With its complex engagement with issues of faith, politics, identity discourses, social consciousness, sexual politics, fashion, everyday cultural practices, geopolitical dynamics, language innovation and invention, and its enduring persistence in the popular and literary consciousness of Caribbean society, reggae music continues to be one of the singular, most consistently illuminating and necessary perspectives through which to understand the poetics of Caribbean writing today. In this lecture, Professor Dawes rehearses the aesthetic principles of reggae music and reveals the ways in which the music, in its many incarnations, continues to shape the work of several generations of Caribbean poets.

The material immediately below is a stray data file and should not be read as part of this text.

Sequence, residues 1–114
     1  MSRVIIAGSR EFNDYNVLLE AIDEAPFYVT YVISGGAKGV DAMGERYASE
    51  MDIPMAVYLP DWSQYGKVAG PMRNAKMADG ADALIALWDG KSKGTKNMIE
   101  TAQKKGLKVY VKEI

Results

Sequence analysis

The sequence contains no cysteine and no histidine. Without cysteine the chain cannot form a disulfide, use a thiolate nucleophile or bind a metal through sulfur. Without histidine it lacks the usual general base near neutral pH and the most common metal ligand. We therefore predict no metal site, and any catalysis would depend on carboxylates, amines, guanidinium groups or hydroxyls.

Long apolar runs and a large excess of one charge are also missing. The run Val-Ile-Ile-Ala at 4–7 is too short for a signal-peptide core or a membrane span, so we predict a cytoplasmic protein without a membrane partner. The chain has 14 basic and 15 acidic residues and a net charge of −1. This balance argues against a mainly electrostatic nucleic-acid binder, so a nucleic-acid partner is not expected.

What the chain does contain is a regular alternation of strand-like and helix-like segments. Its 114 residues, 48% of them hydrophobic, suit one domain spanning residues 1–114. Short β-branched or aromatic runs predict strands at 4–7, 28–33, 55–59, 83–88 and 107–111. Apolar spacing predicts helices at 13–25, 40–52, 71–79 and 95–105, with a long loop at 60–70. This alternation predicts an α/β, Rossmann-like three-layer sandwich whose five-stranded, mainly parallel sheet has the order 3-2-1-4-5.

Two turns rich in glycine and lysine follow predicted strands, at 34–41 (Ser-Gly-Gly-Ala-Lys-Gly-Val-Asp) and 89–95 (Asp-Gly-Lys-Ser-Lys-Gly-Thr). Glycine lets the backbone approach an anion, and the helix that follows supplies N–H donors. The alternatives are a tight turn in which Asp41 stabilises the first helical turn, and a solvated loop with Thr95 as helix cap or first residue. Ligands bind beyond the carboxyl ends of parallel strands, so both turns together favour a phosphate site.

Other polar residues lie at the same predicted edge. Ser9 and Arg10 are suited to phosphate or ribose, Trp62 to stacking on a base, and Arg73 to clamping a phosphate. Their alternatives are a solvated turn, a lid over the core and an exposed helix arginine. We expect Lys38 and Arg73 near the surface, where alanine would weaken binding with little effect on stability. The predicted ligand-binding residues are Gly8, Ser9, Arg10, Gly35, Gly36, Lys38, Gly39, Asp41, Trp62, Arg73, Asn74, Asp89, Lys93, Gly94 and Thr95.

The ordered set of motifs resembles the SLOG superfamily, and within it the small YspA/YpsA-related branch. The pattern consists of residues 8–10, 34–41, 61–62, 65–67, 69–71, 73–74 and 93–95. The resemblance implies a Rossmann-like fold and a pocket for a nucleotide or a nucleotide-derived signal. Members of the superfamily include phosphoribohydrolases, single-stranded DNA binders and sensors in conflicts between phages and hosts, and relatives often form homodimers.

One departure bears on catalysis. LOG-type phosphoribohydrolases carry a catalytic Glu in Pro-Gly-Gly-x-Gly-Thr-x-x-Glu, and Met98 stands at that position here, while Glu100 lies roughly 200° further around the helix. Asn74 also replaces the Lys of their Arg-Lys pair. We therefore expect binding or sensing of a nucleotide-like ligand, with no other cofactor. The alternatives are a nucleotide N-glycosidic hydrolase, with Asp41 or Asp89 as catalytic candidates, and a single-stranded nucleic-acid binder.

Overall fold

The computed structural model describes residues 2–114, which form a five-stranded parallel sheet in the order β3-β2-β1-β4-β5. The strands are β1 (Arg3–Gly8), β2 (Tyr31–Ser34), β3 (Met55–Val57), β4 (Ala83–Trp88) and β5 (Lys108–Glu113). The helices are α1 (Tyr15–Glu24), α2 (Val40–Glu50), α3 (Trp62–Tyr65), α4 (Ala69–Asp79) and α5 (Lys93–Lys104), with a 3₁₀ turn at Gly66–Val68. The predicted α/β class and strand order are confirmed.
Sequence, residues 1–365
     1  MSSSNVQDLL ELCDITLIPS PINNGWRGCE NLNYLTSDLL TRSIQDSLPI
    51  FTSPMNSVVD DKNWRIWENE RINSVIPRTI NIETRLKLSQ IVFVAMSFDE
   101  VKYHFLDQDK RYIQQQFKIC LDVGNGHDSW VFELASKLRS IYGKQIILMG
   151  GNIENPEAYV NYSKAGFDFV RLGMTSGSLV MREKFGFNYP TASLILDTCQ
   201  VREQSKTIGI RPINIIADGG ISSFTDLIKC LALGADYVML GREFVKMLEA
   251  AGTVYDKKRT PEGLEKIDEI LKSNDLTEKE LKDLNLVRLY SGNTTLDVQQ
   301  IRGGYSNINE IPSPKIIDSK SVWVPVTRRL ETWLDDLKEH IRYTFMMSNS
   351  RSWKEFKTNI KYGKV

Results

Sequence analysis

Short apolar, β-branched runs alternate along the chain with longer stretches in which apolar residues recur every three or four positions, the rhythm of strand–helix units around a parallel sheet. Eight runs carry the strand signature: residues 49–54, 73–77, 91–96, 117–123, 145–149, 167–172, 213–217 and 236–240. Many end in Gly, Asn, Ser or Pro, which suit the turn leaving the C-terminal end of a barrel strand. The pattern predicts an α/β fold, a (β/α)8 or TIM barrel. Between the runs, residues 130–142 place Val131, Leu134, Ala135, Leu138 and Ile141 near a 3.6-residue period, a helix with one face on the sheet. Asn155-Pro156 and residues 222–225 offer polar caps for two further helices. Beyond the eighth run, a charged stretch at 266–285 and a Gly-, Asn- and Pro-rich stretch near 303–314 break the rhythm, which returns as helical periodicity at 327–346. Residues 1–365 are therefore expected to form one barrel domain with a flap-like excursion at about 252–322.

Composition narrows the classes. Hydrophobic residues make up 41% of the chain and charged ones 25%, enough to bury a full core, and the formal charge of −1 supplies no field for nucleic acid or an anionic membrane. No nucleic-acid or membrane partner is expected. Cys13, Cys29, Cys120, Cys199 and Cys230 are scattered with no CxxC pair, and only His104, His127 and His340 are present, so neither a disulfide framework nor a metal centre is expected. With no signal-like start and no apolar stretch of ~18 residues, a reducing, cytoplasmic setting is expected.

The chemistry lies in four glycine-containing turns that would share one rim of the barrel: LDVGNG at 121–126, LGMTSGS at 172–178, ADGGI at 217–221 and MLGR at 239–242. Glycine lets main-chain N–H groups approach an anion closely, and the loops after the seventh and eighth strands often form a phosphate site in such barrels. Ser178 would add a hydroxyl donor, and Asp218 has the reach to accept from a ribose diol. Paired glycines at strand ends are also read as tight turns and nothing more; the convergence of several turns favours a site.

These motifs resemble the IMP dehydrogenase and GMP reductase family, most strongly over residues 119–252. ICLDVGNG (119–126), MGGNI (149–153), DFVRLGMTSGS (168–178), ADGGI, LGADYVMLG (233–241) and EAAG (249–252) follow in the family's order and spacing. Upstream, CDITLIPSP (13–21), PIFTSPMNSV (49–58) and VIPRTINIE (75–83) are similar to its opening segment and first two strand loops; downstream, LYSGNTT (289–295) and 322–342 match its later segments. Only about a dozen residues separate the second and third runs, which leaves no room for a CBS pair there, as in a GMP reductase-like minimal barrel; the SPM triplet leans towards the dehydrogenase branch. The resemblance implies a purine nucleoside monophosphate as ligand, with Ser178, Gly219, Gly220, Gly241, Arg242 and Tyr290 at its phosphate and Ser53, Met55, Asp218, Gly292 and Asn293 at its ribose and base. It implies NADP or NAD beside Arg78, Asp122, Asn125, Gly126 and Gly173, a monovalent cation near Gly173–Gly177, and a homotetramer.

Professor Kwame Dawes
Chancellor's Professor of English and Glenna Luschei Editor of Prairie Schooner, University of Nebraska
About the speaker:
Kwame Dawes is author of 18 collections of poetry, two novels, numerous anthologies, and plays. He has won the Forward Poetry Prize, Pushcart Prizes, a Guggenheim Fellowship, and an Emmy. At the University of Nebraska he is a Chancellor's Professor of English and Glenna Luschei Editor of Prairie Schooner.
Chaired by Professor Nigel Leask FBA, University of Glasgow